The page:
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Understanding Intimacy: Trying to Help 

Dear Dr. Jane,

My wife has some severe hangups about touching herself, me touching her, and generally anything that isn't traditional intercourse. Unsurprisingly, she's never had an orgasm. We talked about it one night last week in our tent when we were camping at Elk Lake. For the first time in our relationship, she told me the reasons that she's been so uncomfortable with a lot of things that I think are normal parts of a healthy sex life..

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She said that back in college, when guys would touch her, they were too rough. It didn't feel good and it often hurt her. In many ways, the experiences were traumatic. She wasn't raped or anything like that, but she wasn't treated with the kindness and gentleness that she really needed then. Lots of times she would get some kind of problem afterwards—like a yeast infection or urinary tract infection. It gave her a bad feeling about many aspects of sex. 

I asked her if I could just cup my hand and put it on the outside of her body without doing anything else. I wanted to start to break down the idea that all touch is painful or dirty. She was OK with this. She even seemed happy that I tried something new.

What else can we do? Is this something that can only be solved with therapy?

From,

Trying to help

Dear Trying, 

How lovely that you held your hand over her body with her consent and that you listened to her tell you about what had happened to her when she was younger.

Honestly, there are so many things that have happened to so many of us (men, women, non-binary humans) that have hurt us energetically, physically, emotionally. It's very tough for us to RELEASE these things so that we can OPEN to what we really desire and SHARE with a partner. This is what I teach my clients to do when we work together.

Your question about therapy is a good one. I'm really impressed that you've started connecting intentionally—listening and taking a slow, measured approach to physical intimacy. Bravo! This is the beginning of real openness for you both.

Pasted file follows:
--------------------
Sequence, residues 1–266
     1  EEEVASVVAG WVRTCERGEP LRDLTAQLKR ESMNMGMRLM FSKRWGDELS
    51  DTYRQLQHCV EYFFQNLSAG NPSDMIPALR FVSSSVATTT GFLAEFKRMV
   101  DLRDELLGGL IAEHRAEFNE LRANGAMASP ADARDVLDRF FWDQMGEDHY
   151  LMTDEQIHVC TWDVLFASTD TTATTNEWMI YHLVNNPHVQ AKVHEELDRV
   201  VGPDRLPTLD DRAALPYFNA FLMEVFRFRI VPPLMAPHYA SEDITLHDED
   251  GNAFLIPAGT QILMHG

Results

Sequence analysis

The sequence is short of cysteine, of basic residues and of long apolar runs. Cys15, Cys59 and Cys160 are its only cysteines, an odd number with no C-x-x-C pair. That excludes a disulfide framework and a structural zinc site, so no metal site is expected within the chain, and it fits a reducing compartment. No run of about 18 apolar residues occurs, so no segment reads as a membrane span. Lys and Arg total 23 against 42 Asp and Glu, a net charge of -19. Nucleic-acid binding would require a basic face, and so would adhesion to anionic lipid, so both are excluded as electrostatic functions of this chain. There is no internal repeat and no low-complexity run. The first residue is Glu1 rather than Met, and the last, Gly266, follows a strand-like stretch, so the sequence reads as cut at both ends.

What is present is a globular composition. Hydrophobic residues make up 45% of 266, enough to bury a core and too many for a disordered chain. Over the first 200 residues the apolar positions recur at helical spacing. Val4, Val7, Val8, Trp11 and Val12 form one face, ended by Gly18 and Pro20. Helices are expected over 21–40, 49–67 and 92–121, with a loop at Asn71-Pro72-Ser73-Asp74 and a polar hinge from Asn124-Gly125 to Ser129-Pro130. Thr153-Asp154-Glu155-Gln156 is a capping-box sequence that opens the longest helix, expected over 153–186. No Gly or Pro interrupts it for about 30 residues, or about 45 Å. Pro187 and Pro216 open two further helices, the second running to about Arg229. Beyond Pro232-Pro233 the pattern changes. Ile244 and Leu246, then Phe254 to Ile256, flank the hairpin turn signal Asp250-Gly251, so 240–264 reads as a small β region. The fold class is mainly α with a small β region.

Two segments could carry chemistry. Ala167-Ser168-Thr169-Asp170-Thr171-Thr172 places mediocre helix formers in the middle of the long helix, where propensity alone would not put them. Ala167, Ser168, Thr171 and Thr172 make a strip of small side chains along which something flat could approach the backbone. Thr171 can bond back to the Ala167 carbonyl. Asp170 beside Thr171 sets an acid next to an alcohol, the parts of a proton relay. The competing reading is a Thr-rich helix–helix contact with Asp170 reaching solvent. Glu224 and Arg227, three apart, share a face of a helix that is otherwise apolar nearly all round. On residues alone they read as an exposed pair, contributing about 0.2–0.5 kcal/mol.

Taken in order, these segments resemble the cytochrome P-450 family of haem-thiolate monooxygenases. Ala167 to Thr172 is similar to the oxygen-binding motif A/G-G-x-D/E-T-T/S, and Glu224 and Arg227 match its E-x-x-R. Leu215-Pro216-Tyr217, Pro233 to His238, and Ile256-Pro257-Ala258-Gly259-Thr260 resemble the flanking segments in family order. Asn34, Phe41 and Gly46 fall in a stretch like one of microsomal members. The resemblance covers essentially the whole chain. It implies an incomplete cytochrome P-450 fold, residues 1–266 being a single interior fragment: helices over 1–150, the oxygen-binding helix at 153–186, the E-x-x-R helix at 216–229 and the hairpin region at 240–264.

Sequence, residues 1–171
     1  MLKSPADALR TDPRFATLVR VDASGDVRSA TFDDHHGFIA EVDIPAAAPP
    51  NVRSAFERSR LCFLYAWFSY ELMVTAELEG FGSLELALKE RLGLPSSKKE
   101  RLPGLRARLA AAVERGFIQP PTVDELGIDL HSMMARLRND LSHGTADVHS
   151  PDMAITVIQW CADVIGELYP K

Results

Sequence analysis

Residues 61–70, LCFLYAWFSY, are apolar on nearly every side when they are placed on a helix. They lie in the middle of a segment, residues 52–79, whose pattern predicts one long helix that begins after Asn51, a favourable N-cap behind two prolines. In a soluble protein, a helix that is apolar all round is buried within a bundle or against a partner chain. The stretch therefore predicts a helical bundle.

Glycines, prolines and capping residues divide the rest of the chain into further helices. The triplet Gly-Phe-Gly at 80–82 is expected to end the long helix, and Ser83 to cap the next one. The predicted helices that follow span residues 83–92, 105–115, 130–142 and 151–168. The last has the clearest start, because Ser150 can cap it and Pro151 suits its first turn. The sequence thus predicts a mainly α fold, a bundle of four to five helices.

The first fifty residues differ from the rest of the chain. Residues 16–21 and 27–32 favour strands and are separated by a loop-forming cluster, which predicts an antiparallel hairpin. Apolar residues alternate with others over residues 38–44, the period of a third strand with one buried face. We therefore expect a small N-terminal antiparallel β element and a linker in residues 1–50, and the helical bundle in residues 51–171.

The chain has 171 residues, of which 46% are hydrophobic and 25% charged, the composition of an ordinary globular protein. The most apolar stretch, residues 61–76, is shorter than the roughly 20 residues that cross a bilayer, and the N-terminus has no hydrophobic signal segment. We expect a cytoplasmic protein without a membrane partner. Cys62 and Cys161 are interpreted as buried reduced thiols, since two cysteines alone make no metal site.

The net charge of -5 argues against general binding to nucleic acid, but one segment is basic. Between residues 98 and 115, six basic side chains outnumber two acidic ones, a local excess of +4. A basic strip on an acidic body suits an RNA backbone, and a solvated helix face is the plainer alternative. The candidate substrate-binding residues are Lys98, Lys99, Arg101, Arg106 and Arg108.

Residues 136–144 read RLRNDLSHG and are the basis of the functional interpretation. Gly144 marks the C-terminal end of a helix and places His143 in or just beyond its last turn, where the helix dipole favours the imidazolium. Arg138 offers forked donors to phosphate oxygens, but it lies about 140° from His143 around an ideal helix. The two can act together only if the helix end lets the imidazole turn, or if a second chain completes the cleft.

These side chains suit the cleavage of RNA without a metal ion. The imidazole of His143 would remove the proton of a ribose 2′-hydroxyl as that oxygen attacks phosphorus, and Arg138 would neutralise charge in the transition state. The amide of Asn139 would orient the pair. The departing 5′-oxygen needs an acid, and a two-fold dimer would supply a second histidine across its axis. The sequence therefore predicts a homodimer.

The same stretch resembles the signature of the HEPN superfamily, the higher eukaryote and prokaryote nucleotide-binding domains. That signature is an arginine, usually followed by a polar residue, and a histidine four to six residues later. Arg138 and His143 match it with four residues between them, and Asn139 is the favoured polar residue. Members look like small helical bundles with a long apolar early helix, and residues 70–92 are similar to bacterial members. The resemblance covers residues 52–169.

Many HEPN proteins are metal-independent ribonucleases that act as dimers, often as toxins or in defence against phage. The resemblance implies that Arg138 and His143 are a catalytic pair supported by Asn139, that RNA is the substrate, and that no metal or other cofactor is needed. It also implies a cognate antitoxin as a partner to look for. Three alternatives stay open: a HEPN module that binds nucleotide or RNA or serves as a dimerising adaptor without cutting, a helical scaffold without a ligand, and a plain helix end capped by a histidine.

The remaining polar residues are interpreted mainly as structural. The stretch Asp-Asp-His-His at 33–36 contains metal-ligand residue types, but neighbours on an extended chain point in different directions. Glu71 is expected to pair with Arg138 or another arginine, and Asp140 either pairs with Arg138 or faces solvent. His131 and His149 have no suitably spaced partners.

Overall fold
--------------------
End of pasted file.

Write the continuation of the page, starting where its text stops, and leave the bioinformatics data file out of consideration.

One thing that I'd recommend is that you frame her previous experience differently in your own head, if possible. When you hold the words "hang ups" (even without sharing those words out loud) you're sending that energy out to your wife. She's been hurt by the clumsiness of young sex partners and her body remembers.

I hear you say that she has hang ups and that they are keeping her from having the pleasure she deserves. In my view, you'll both be better served to re-frame her experience differently.

Maybe think to yourself these words: "My beautiful wife has been touched by other people who've hurt her. I love her and want to bring her gentle and pleasurable touch in a trauma-informed, consent-based way. I am honored to be here for her to help her let go of the past. I want her to experience real connection with me in a way that feels good. Something she can trust."

I hear that's what you did/are doing and that you wish very much to help her feel more comfortable with you sexually. This is so good, so kind, a great beginning. A relationship with a sex therapist or other sex expert such as a well-trained sex coach could support that as long as it doesn't pathologize her experience. 

Her body is responding exactly the way it should based on what's happened in her life. 

Good luck. This is important stuff. 

Xoxo, 

Dr. Jane

Note: This question and answer are taken and modified from a question I answered on the reddit deadbedrooms subthread during a recent Ask Me Anything.

The takeaway here is that what we think about our partner's sexuality and their responses is almost as impactful as what we say out loud. We send all sorts of signals to each other through eye contact, body language and energy. When you hold your partner with compassion—even in your head—you're on your way to a beautiful connection that'll feed you both. 

—Dr. Jane Guyn (she/her) is a well-known relationship coach who received her Ph.D. in Human Sexuality and is trained as a Professional Sex Coach and Core Energy Course.  She's the author of the Amazon #1 Bestseller, "Too Busy to Get Busy" and has been passionately married to her best friend for over 30 years. You can find her at howtofixmysexlife.com. Send her your questions at thesource@drjaneguyn.com.

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